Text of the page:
‘The family of a mother-of-two stabbed to death will take its negligence claim against two police forces to the Supreme Court.’
BBC News, 28th July 2014
‘Section 32(1)(a)(ii) of the Children Act 1989, as amended, required that care cases be concluded within 26 weeks. However, that time limit could be extended if it was necessary to enable the court to resolve the proceedings justly since the 26 weeks rule was not, and must never be allowed to become, a straightjacket, least of all if rigorous adherence to an inflexible timetable risked putting justice in jeopardy.’
WLR Daily, 15th July 2014
‘The “Criminal justice system 2014 to 2015: strategy and action plan” is an update on the version published last year.’
Ministry of Justice, 15th July 2014
‘Lord Justice Jackson took this appeal as an opportunity to stress the importance of parties acting reasonably in agreeing to extensions of time where court hearings are not disrupted. Whilst one might have expected courts to be less approving of parties granting each other extensions of time following the 1 April 2013 reforms, the contrary appears to be the case: Jackson LJ made it quite clear that “…it was no part of my recommendations that parties should refrain from agreeing reasonable extensions of time, which neither imperil hearing dates nor otherwise disrupt the proceedings” (at ).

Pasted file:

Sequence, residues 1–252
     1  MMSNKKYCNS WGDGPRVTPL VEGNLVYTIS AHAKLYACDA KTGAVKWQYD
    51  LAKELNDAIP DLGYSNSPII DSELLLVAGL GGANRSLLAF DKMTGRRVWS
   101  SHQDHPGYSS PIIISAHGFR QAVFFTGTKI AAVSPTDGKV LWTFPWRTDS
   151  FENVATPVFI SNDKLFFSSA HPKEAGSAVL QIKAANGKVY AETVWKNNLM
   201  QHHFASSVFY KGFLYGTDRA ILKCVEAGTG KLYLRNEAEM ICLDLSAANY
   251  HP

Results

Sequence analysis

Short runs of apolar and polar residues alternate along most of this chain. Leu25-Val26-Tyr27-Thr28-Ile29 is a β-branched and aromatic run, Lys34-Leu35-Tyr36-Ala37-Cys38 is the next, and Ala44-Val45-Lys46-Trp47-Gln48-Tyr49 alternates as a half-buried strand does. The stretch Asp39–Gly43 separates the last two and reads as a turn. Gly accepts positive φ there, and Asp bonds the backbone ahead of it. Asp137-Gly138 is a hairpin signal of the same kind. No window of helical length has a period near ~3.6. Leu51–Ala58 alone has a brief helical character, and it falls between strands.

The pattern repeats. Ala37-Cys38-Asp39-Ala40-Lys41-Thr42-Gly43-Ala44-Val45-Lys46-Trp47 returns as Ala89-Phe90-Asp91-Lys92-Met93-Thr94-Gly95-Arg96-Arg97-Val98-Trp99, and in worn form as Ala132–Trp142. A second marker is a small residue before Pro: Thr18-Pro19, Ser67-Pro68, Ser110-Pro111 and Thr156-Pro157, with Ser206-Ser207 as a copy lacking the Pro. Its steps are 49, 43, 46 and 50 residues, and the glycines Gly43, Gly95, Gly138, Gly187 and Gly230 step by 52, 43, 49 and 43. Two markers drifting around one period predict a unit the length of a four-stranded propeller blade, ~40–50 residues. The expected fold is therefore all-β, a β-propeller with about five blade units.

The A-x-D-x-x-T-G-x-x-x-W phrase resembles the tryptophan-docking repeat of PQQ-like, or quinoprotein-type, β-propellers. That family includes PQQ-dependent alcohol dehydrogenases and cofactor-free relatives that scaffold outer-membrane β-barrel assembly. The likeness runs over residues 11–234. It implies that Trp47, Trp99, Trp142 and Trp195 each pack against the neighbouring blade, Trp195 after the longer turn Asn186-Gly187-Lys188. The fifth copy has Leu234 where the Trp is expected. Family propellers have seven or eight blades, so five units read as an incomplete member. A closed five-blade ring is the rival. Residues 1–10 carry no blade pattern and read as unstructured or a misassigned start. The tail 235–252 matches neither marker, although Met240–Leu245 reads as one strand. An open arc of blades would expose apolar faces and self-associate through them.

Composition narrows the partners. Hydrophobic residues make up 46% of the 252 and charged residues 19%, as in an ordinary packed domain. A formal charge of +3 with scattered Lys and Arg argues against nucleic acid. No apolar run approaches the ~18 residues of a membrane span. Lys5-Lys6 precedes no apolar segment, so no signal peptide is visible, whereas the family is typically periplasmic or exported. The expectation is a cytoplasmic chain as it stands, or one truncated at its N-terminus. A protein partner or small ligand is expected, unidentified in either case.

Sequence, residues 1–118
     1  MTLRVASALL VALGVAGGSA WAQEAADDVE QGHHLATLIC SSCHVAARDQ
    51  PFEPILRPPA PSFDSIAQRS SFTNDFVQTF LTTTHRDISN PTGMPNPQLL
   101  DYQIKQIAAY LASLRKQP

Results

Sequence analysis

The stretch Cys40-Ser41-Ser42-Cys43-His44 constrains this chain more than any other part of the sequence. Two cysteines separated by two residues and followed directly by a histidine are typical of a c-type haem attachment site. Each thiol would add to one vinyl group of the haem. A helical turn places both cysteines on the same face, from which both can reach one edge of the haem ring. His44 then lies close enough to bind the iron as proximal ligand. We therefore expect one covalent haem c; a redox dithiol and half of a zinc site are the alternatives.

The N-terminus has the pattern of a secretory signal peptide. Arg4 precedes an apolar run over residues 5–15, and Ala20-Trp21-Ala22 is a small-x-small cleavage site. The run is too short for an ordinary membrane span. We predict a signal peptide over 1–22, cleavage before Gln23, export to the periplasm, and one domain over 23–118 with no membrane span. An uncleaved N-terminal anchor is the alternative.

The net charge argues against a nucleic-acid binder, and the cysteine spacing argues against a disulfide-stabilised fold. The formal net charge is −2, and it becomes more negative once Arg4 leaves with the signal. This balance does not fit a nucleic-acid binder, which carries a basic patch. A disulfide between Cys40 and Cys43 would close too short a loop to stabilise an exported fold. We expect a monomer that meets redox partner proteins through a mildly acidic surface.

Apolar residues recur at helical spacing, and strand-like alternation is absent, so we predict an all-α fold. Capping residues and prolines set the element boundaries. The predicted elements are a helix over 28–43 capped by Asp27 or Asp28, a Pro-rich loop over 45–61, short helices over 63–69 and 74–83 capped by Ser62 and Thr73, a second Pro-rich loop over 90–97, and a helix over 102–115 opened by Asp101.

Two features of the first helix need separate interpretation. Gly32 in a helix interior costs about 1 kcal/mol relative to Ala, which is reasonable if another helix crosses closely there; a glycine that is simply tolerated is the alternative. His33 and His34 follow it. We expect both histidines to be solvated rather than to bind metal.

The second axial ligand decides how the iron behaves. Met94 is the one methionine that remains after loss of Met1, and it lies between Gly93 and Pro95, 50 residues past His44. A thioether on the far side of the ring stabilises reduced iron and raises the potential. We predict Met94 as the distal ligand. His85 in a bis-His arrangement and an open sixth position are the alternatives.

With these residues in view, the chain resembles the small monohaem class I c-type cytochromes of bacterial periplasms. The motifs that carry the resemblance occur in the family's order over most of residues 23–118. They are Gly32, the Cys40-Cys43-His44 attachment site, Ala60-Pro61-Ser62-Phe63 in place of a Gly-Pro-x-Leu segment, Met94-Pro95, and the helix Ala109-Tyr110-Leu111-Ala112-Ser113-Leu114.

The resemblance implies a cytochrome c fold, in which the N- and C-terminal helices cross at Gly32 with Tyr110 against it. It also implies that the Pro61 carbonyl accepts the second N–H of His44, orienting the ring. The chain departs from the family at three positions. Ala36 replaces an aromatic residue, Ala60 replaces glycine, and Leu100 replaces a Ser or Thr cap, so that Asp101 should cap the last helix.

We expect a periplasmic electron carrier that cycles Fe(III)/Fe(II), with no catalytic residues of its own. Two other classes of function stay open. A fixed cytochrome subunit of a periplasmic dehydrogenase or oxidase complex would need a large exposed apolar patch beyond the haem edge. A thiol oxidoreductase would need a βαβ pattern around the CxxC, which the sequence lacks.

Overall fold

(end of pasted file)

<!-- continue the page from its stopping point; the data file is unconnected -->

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Henderson Chambers, 27th May 2014
‘The limitation period applicable to a claim brought in England for compensation for cancellation or delay under articles 5 and 7 of Parliament and Council Regulation (EC) No 261/2004 was the six-year period prescribed by section 9 of the Limitation Act 1980.’
WLR Daily, 19th June 2014
‘A technical problem in an aircraft which could properly be described as the result of usual wear and tear did not constitute “extraordinary circumstances” within the meaning of article 5(3) of Parliament and Council Regulation (EC) No 261/2004 such as to exempt the carrier from the obligation to compensate passengers for delay, notwithstanding that the problem neither had been discovered nor was discoverable by a reasonable regime of maintenance and inspection.
WLR Daily, 11th June 2014
‘Senior judges have launched their most scathing attack yet on the government’s cuts to civil legal aid. In written evidence responding to the government’s consultation on the first year of the Legal Aid, Sentencing and Punishment of Offenders (LASPO) Act, the Judicial Executive Board said courts have faced an ‘unprecedented increase’ in numbers of litigants in person (LiPs).’
Law Society’s Gazette, 14th May 2014